We have developed a new tool, Pripper, for reading an arbitrary number of proteins in FASTA format, predicting their caspase cleavage sites and outputting the cleaved sequences to a new FASTA format sequence file. The sequence file generated can be used e.g. as a database for searching tandem mass spectrometry data allowing the identification of caspase cleavage products. Three different pattern recognition classifiers, SVM-6-4, RF-12-12 and J48-4-2 were trained to predict caspase cleavage sites. The evaluation of the classifiers with ROC curve (Figure 1) and quality measures (Table 2) indicated that all of the three classifiers had a good performance for predicting caspase cleavage sites. The comparison of our method to existing caspase cleavage classifiers showed that the best performing classifiers were SVM-6-4, RF-12-12 and Vote developed in this study and the previously published CASVM classifier with the longest prediction sequence (P14-P10') .
The developed tool was used to construct a database of caspase cleavage products. Each possible Asp (D) amino acid and its surrounding amino acids were evaluated with SVM-6-4 and RF-12-12 classifiers and a site was predicted as cleaved only if both of the methods predicted the site to be a caspase cleavage site (Vote-classifier in the tool). The created database contains the predicted caspase cleavage products, and it was used to identify caspase cleavage products from tandem mass spectrometry data from real biological samples. Here we have shown that Pripper is a valuable tool in identifying novel caspase target proteins from mass spectrometry based proteomics experiments.
Being a standalone application, Pripper does not rely on web-connections or depend on server availability, and thus the local machine determines the maximum input file size and processing capacity. In addition, it is capable of processing only user given motif patterns from the input sequences and producing the desired cleavage products. It enhances the prediction results by combining different classifiers. In addition, the implemented application is not restricted to predicting caspase cut sites, but it also provides a framework for scanning protein sequences for given motif for any protease cut sites once a suitable cut site prediction model for a protease is developed.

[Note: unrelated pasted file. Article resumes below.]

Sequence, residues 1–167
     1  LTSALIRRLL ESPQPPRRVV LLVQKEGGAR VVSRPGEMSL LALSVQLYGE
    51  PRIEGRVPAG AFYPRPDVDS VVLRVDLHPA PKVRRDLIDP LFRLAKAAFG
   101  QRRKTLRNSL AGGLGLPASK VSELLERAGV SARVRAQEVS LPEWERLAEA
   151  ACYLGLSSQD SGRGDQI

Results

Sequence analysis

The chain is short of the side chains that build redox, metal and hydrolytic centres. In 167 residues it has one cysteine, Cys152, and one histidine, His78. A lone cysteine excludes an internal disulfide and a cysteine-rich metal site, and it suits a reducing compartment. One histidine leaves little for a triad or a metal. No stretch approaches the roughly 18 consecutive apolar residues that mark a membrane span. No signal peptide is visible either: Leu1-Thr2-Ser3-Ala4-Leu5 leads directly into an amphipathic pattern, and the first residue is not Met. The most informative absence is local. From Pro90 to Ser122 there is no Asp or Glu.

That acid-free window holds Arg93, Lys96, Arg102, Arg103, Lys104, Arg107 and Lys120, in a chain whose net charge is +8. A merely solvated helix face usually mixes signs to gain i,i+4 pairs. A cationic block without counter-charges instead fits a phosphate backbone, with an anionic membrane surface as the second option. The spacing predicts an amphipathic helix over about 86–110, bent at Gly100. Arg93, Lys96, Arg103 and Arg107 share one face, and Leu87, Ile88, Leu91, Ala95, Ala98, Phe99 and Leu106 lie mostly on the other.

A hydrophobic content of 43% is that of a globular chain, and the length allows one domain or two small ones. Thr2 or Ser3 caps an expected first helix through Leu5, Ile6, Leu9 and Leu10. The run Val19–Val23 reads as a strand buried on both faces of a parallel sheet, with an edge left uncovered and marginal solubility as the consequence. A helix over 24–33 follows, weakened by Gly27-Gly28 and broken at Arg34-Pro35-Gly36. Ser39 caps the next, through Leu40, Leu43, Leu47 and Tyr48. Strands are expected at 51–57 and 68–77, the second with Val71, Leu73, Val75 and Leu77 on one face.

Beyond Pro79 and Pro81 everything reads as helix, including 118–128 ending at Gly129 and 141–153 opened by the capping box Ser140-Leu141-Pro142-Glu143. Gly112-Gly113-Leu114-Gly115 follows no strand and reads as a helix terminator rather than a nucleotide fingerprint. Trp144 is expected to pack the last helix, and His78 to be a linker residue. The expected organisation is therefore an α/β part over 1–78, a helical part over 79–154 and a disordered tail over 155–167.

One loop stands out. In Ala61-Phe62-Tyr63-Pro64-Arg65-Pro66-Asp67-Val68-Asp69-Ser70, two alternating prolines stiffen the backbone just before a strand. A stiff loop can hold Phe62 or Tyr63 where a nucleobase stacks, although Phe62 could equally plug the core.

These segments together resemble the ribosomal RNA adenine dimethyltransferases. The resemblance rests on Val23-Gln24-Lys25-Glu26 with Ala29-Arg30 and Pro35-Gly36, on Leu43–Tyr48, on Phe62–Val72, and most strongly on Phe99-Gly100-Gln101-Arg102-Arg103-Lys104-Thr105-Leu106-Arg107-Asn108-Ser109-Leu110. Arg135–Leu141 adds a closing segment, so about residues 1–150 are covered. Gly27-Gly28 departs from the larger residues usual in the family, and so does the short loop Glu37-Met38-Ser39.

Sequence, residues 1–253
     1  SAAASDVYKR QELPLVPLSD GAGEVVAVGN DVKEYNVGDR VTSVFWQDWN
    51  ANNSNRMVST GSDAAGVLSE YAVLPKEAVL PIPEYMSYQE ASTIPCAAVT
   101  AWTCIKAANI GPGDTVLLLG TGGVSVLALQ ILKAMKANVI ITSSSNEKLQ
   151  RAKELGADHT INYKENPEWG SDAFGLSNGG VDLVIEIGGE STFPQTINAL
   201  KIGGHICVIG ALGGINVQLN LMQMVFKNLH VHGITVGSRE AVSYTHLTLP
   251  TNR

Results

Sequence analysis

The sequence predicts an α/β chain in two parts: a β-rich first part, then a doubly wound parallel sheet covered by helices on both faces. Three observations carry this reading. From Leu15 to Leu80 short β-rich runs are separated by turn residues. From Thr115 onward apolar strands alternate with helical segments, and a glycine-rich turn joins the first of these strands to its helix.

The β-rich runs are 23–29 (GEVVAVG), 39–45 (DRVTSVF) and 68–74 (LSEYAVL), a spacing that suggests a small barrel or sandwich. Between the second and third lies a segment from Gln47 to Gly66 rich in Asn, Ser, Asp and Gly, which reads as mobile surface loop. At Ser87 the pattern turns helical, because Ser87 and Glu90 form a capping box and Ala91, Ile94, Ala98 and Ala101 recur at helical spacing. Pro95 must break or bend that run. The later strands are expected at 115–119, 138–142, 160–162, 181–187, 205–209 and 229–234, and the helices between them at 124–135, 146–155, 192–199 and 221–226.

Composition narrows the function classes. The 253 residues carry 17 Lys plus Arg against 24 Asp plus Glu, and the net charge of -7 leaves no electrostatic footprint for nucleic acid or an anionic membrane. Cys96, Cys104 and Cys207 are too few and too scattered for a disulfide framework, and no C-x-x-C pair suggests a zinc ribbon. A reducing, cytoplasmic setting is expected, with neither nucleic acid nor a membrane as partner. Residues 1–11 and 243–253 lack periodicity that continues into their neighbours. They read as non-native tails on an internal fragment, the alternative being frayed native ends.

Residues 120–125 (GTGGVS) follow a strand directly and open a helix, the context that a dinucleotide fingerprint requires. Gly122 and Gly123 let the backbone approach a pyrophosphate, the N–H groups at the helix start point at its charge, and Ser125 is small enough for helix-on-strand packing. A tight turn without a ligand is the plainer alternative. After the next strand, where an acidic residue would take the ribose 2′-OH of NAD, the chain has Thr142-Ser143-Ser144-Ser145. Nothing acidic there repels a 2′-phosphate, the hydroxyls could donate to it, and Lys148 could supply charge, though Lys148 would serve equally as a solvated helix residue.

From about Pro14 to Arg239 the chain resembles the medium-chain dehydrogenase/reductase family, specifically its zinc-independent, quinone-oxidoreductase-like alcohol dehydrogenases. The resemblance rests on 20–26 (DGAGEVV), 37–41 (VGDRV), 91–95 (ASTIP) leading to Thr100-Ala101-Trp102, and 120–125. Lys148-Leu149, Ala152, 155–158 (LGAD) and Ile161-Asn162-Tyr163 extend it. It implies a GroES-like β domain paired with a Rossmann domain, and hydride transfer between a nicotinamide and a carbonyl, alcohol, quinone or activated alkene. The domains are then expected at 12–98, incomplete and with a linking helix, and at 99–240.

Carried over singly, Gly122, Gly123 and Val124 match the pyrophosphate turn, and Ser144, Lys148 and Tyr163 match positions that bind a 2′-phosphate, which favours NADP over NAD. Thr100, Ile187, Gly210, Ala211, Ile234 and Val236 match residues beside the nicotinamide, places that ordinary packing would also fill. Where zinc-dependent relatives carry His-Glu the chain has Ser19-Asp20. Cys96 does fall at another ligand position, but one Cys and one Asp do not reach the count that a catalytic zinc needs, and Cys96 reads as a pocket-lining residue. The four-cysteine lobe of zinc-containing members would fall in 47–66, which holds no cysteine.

Project name: Protein Snipper (Pripper)
Project home page: http://users.utu.fi/mijopi/Pripper/
Operating system(s): Windows
Programming language: Java
Other requirements: Java version 1.6.0 or higher, libsvm, Weka, BioJava
Any restrictions to use by non-academics: none
Support Vector Machine
Funding: This work was supported by the Academy of Finland [grant number 114437], the Sigrid Juselius Foundation and the Helsinki Graduate School in Biotechnology and Molecular Biology.
This article is published under license to BioMed Central Ltd. This is an Open Access article distributed under the terms of the Creative Commons Attribution License (http://creativecommons.org/licenses/by/2.0), which permits unrestricted use, distribution, and reproduction in any medium, provided the original work is properly cited.